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How To Build A Campus At Johns Hopkins Medical Center, Streets First

Almost all the major streets through the medical campus are one way and fast, designed for through traffic.

While cycling through Johns Hopkins Medical Center in East Baltimore the other day, I noticed the area seemed less like a campus and more like a collection of buildings.  Nobody really hangs out outside. Most medical staff briskly walk between buildings as fast as they can. Visitors do the same. I’m also willing to bet most of the traffic on the streets is through traffic, using the streets as the quickest route between two places.

East Baltimore Development Initiative has plans to create a mixed use biotechnology park just north of the main medical campus, with several buildings already constructed. While their goals are lofty, a more practical problem exists of how to create a sense of place and campus atmosphere within the existing medical center. With new residents and building expansions adding more people on the streets,  maybe consistent streetscaping and street level plazas could help.  But these all cover up the fundamental problem;   almost every major street through the campus is one way. You say, “big deal”. OK, imagine Johns Hopkins University on the other side of town, say the Wyman quad, divided up by streets carrying through traffic.  If you wanted to rebuild the campus and the social atmosphere of the quad, the streets would be the first thing you would have to deal with. My premise is that the best hospital in the country should have the best campus environment as well. Right now, it doesn’t.

One way streets in red which divide the campus and EBDI project area. These one ways extend beyond the campus into adjacent neighborhoods.

One of my most read blog posts is an indictment of one way streets.  While I won’t repeat all my arguments here,  a growing body of planners, engineers, and public policy leaders have recognized that two way streets reduce speeds, improve livability and support commercial centers and main streets. Converting all of the internal campus streets to two way while adding other streetscaping and traffic calming elements can be a first step in creating a more inviting campus for faculty and patients.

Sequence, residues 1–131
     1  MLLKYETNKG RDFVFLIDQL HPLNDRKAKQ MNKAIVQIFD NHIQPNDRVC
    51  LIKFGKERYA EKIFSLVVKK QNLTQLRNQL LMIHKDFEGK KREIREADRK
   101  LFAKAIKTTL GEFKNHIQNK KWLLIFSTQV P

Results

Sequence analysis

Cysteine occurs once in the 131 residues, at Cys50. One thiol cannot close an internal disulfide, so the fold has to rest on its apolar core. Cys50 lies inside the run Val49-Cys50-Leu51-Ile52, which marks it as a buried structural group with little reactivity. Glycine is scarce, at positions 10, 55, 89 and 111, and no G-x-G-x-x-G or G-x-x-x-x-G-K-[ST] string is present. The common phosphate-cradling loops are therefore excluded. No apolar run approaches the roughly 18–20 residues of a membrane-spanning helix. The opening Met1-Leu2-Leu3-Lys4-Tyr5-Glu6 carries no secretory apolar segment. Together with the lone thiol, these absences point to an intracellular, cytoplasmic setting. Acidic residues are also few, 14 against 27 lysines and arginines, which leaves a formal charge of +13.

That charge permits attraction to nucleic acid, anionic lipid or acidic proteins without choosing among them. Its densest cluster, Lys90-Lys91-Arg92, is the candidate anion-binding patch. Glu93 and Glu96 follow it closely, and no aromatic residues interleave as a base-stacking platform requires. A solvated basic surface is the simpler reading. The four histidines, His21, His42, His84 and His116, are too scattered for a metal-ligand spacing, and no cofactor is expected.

If this were the suburbs, the hospital would probably be on an island of curvilinear streets without much through traffic – like Bayview. All of the streets within the East Baltimore Johns Hopkins campus, however, extend for miles and miles throughout the city.  Converting all of these streets in their entirety wouldn’t be practical, so maybe a two way island in an ocean of one ways is possible.

Blue streets for local traffic, red streets for through traffic.

In an ideal world, the medical campus would be closed to through traffic accept for a few access points – just like the university. Because the medical center exists within a grid network of streets and lies between major traffic generators, a more plausible solution is to create a sense of place through environmental psychology.  Change the “feel” of the street through two way traffic and other visual cues, and the transition between the outside and inside of the medical campus will be clear. Drivers will act accordingly.

Converting all the one ways within the campus to two way would achieve three things; traffic calming, easier navigation for thousands of out of town patients and visitors, and a net reduction in campus traffic due to diverted through traffic.  Because Fayette, Orleans and Broadway probably have capacity to spare, these streets should be signed for through traffic while everything else should be local.

And who knows, maybe we can get even crazier and add bike lanes or cycletracks through the medical center.  Public health, you know?  If you’re talking the talk, you should be walking the walk.